The British police have been in the news recently over the phone-hacking scandal, undercover officers and the strategies they employ during protests. But these are the complex areas of policing. The more routine bits – such as dealing with burglary, traffic accidents and neighbourhood disputes – still go on. Here, budget cuts are the biggest issue in town.
In the wake of the Winsor review, published on 8 March, the discussion has focused on pay cuts, but there are wider problems. It is difficult to see how cuts of 20 per cent can be delivered over the next four years. The first problem is that, at one end, the demand for local, neighbourhood policing is almost inexhaustible while, at the other, the threat of international terrorism remains undiminished. The second problem is that over 75 per cent of most police budgets is taken up by personnel costs, but police officers, by law, cannot be made redundant.
There are several things that can be done, including encouraging more private-sector involvement, amalgamating forces and bringing down the number of fully sworn officers. Many can be replaced with cheaper alternatives who perform limited roles – as police community support officers now do (but soon may not, if they are made redundant). Yet there is no sign that these possibilities will find favour with those standing in elections for the new role of police commissioner, as a coalition bill proposes. Nor is there much sign yet that the government is prepared for such major proposals.
Meanwhile, Labour’s shadow home secretary, Yvette Cooper, unhelpfully talks about taking thousands of bobbies “off the beat” without addressing the more complex issue of workforce modernisation.
One idea that is being discussed in coalition circles is “self-policing” – citizens taking over some of the spaces in which the police function. The example that is always given is New York City, which has been transformed since the 1980s. I have visited the city regularly in recent years and am aware of the success of its policing. With the exception of murder – which, due to the availability of guns, occurs three times as often as it does in London – the crime rate is much lower in New York.
While I was at Scotland Yard, I commissioned studies on the differences between the two cities. There is an argument that Scotland Yard has extra responsibilities – protecting the seat of government and having the national counter-terrorism lead – and all without the support of an equivalent to the FBI or the US secret service. London is also twice the size of New York.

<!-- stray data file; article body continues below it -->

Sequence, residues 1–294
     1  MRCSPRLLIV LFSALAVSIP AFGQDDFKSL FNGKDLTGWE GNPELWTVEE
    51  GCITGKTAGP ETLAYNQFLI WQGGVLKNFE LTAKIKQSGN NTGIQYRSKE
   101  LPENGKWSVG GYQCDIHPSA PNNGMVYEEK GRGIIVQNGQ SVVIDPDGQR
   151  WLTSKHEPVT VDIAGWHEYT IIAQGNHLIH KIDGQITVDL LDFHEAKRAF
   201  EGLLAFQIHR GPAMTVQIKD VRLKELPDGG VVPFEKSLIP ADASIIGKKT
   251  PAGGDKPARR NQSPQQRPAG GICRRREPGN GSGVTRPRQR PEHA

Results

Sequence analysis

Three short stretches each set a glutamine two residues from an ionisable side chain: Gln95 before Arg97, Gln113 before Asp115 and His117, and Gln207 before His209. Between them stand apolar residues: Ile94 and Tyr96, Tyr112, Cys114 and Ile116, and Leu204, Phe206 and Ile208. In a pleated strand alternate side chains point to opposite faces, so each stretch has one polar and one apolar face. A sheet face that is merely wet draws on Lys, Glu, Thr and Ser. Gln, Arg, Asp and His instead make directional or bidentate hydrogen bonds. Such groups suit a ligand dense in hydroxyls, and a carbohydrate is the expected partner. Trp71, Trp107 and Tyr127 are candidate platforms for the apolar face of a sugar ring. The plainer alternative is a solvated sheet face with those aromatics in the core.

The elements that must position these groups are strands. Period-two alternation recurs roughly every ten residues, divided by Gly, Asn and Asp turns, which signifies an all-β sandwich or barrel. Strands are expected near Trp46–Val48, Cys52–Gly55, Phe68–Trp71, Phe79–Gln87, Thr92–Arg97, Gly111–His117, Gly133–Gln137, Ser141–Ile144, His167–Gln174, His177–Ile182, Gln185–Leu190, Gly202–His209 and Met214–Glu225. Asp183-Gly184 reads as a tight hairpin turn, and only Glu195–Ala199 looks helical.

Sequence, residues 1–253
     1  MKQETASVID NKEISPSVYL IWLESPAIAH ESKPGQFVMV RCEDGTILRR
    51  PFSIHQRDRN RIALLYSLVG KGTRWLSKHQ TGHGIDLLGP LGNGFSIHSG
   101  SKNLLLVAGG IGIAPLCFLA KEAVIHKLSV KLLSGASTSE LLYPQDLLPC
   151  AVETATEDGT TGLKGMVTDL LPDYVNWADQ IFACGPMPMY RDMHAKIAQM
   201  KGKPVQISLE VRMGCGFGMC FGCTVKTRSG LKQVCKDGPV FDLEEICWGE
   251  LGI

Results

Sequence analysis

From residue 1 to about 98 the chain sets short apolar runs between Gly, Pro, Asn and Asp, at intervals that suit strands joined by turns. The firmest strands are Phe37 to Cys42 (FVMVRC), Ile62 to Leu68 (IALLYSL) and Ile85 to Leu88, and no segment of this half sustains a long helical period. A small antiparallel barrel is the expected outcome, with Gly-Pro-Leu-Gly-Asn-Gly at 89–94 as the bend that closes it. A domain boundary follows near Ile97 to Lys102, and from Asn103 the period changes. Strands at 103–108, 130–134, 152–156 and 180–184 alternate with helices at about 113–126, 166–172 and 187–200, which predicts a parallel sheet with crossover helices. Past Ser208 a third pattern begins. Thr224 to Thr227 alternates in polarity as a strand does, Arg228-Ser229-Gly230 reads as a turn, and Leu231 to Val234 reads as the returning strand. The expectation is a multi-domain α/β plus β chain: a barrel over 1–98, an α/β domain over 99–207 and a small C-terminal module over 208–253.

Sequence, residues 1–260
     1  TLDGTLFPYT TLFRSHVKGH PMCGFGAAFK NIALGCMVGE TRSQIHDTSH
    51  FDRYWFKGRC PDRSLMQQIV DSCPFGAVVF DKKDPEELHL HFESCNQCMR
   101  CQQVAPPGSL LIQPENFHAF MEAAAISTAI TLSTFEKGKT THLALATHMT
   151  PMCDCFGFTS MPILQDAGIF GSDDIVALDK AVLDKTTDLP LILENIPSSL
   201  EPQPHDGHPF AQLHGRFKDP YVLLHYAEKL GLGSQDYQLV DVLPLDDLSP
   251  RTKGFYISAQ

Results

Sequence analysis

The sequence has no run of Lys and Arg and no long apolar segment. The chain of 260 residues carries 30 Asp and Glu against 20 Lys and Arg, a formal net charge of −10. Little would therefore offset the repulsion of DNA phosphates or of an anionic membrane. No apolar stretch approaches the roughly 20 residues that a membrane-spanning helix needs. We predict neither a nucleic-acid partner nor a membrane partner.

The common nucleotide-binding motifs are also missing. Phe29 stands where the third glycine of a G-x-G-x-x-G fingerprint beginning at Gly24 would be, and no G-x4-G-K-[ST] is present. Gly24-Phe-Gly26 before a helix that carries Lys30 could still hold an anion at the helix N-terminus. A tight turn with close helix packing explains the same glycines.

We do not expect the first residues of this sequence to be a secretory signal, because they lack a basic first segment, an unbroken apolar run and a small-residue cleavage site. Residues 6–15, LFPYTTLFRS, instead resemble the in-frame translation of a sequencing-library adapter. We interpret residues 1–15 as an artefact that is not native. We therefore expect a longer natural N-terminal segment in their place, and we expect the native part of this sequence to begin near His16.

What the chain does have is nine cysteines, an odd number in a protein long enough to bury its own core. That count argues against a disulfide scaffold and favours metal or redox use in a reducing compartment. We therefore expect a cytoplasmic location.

But I did not fully understand the difference until I lived there last autumn. The city and its suburbs are far less edgy than London. In the media, crime is far less evident (although the bookshops contain an endless array of books on serial killers, real and imagined). The wailing sirens can still be heard, but they are nearly always those of ambulances or fire engines. The cops are rarely seen, except in tourist areas, shepherding parades, or in armed groups on routine but random deployments around transport hubs or Wall Street.
There are a number of reasons for this difference. One is the low incidence of alcohol-related disorders – Americans have neither the café culture of southern Europe nor the Gin Lane propensities of Anglo-Saxons. But the main reason is that New Yorkers have rediscovered the default position of most Americans, which is to be astonishingly polite. They queue patiently, like the British are supposed to do. Young people stood up for me, an able-bodied 57-year-old, on the subway. There is no obvious road rage. Everyone says, “Please, thank you, have a nice day” – and means it.
There are downsides. Recent arguments over immigration have revealed an ugly, racist streak in the American body politic, which has been exploited by fruitcakes (is that why we call it the Tea Party?) to the right of the Republicans.
Perhaps the enormity of the events of 11 September 2001, the rebranding of New York after the collapse of its economy in the 1980s and the strength of the American dream have all produced a place where professional policing is less necessary. Crime and disorder happen, but they feel against the zeitgeist.
There is a criminological theory called “Broken Windows”, which suggests that neighbourhoods can decline into criminality when authorities are not seen to respond to and repair minor acts of damage, such as broken windows. New York City seems to be the apotheosis of that theory – it is a city that has become freer of crime through an act of communal will.
But it is hard to translate this experience to Britain. There were two preconditions for New York’s transformation. First, in the 1980s, there was a collective recognition by New Yorkers that they were looking into an abyss. Second, as a result, they were willing to fund an increase in police numbers: up to 44,000 cops, a number far beyond anything London has ever had or imagined. This “surge” created the space in which citizen power could grow. Police numbers have recently declined without affecting safety. It is worth bearing in mind, too, that this process took more than 20 years.
Those conditions and that timescale do not exist in the UK. The changes that the huge and unprecedented cuts will bring to policing are therefore going to be very messy, very unfortunate and very unpopular. Any other ideas?
Lord Blair of Boughton was commissioner of the Metropolitan Police from 2005-2008